Written by Mrs. Felszegi, Director of Aspengrove School’s Student Resource Centre

I am writing this at the end of May which is Mental Health Awareness Month and as someone who has recently lost a loved one, I am aware how easily our mental health can be unexpectedly upended. Likewise, after two long years of a pandemic I am also aware how life’s daily challenges can slowly erode our mental health until we look up one day and realize we just feel ‘different’. Mental health is important for all ages and Aspengrove is committed to supporting students’ overall well-being, including their mental health.

The CDC identifies Mental Health as our emotional, psychological, and social well-being which affects how we think, feel, and act.  As a school, we see that mental health is important throughout every stage of life and affects children, teens, parents and staff alike. It helps determine how we handle stress, relate to others, and make healthy choices. Although the terms are often used interchangeably, mental illness and poor mental health are not the same. While mental illness is diagnosed by a medical professional, mental health is something that everyone must consider and care for just as they would their physical health.

Aspengrove recognizes mental health as a priority for our community and never before has mental health been such a hot topic in our society. Considering the loss, worry, isolation and financial strain brought on by the global pandemic; the never-ending unsettling news of wars and mass shootings, and the negative impact of social media, there is no wonder that mental health is at the heart of many conversations. Sometimes one big event affects mental health, but the ongoing cumulative effect of a few ongoing stressors can be equally as impactful. Along with this, we need to consider the growing stress in our ‘regular’ daily lives which affects our mental health. For students this could include assignment and exam stress, friendship conflicts, or body image along with many other possible stressors. The good news is that nothing is permanent and when we are aware, there is a way forward by seeking support from a professional or in developing strategies to improve our mental health and the mental health of our children/students.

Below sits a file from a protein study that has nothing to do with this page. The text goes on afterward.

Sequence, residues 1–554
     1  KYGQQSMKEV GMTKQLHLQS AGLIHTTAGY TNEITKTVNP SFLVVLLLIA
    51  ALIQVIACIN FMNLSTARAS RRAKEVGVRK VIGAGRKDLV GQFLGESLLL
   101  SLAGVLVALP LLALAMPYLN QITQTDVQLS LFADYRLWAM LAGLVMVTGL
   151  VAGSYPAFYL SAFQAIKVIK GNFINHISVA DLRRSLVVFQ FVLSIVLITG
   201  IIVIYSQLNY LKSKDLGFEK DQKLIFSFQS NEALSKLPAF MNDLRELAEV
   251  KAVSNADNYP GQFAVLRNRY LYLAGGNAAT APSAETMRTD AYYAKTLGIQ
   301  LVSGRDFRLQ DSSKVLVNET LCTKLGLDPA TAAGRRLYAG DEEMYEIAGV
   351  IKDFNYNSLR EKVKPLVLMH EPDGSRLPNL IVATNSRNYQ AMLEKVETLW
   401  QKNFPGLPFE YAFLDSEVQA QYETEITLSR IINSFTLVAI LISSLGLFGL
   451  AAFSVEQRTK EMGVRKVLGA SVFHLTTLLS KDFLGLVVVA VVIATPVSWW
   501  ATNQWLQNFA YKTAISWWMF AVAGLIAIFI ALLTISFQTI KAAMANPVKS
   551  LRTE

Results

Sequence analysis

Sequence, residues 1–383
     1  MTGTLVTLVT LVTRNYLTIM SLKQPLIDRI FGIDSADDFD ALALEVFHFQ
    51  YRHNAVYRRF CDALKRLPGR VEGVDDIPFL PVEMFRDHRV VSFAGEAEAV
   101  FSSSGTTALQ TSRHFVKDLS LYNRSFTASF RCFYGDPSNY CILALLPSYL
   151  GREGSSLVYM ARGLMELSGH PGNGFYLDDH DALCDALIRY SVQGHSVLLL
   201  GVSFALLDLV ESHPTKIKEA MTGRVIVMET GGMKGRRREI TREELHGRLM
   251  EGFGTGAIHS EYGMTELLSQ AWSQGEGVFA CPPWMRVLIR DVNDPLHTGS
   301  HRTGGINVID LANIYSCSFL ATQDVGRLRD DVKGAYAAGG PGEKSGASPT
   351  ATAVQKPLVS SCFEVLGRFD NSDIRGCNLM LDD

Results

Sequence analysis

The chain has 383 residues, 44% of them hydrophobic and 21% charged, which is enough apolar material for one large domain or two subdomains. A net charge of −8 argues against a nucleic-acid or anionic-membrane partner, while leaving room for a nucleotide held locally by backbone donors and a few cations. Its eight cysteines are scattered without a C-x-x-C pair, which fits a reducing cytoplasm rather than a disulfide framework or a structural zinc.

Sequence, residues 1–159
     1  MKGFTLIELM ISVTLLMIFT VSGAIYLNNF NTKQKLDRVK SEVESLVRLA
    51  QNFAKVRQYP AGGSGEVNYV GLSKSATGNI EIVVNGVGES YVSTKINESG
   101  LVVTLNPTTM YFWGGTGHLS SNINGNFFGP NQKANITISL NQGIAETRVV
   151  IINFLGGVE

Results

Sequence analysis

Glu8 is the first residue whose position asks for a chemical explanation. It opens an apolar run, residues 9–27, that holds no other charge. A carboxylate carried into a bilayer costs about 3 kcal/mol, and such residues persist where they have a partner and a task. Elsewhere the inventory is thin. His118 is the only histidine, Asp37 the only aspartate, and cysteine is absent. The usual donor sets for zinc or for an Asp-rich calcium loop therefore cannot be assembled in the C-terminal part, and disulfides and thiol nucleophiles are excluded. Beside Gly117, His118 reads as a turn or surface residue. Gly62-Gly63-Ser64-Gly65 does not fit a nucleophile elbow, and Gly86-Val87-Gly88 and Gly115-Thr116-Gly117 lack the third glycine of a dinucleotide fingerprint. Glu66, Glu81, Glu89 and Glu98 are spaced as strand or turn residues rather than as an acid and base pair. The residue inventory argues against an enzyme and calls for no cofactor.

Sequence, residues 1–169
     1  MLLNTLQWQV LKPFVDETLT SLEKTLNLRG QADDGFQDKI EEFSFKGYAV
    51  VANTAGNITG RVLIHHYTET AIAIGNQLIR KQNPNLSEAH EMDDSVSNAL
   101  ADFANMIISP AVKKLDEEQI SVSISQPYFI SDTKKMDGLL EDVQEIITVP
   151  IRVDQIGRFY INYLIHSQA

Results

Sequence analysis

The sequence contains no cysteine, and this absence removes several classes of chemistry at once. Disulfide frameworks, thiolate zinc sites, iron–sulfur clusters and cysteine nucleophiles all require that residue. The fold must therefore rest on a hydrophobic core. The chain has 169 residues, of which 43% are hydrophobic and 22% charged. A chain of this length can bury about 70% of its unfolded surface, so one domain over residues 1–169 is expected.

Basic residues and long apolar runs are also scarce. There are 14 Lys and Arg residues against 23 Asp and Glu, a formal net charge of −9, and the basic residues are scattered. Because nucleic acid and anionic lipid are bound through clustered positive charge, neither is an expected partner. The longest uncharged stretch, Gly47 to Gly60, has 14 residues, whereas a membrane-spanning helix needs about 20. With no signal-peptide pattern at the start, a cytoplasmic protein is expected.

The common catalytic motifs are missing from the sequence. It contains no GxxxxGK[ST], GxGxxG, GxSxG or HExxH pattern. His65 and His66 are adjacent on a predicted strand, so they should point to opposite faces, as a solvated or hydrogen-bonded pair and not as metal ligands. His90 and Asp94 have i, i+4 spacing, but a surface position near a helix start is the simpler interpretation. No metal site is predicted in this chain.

At Aspengrove, we are very fortunate to be part of a small caring community where we know our students and families well.  Face-to-face social connection is an important strategy to improve mental health and the school environment facilitates this. I encourage you to reach out to your child’s advisory teacher or another trusted teacher if your child is struggling with their mental health so we can be aware and ensure that your child is supported in appropriate ways while at school. Additionally, you probably won’t be surprised to learn that some other key strategies for supporting mental health are the same as for physical health: exercise, a healthy diet, and good sleep habits. Since there are many factors affecting mental health, there are also a variety of ways to support positive mental health: 

Our students’ health and well-being is an essential aspect of care at Aspengrove and people are affected differently by the same events. We recognize that we all have challenges in our lives and no two people are weathering the same storm. Additionally we are not all equipped with the same infrastructure to handle our storms. Please join us in being open-minded to different mental health needs and normalizing care for our mental health. 

Trish Felszegi

Director of the Student Resource Centre

 

References

https://www.cdc.gov/mentalhealth/learn/index.htm 

https://www.heretohelp.bc.ca/infosheet/tips-for-good-mental-health

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